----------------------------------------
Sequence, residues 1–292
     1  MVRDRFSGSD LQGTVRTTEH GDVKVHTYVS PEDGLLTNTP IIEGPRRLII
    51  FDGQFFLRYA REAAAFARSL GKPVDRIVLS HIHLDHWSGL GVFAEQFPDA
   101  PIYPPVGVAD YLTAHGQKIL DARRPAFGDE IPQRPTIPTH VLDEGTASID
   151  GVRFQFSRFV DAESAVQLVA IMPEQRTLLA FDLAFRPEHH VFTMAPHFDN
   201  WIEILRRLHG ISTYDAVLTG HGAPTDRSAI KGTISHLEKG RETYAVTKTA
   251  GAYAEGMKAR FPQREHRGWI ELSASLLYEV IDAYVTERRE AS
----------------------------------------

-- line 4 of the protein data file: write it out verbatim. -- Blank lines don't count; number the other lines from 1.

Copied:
   101  PIYPPVGVAD YLTAHGQKIL DARRPAFGDE IPQRPTIPTH VLDEGTASID